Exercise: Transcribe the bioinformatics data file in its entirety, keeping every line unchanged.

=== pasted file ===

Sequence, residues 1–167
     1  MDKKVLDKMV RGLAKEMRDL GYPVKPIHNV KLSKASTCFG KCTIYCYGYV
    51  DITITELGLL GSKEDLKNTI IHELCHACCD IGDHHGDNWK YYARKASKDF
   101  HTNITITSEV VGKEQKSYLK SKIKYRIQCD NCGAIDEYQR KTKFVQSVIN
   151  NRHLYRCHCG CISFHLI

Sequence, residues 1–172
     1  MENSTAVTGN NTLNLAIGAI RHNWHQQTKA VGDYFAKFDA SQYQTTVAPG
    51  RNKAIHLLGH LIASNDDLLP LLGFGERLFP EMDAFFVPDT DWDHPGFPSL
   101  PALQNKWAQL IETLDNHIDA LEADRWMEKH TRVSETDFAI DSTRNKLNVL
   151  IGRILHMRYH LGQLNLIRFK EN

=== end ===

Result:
Sequence, residues 1–167
     1  MDKKVLDKMV RGLAKEMRDL GYPVKPIHNV KLSKASTCFG KCTIYCYGYV
    51  DITITELGLL GSKEDLKNTI IHELCHACCD IGDHHGDNWK YYARKASKDF
   101  HTNITITSEV VGKEQKSYLK SKIKYRIQCD NCGAIDEYQR KTKFVQSVIN
   151  NRHLYRCHCG CISFHLI

Sequence, residues 1–172
     1  MENSTAVTGN NTLNLAIGAI RHNWHQQTKA VGDYFAKFDA SQYQTTVAPG
    51  RNKAIHLLGH LIASNDDLLP LLGFGERLFP EMDAFFVPDT DWDHPGFPSL
   101  PALQNKWAQL IETLDNHIDA LEADRWMEKH TRVSETDFAI DSTRNKLNVL
   151  IGRILHMRYH LGQLNLIRFK EN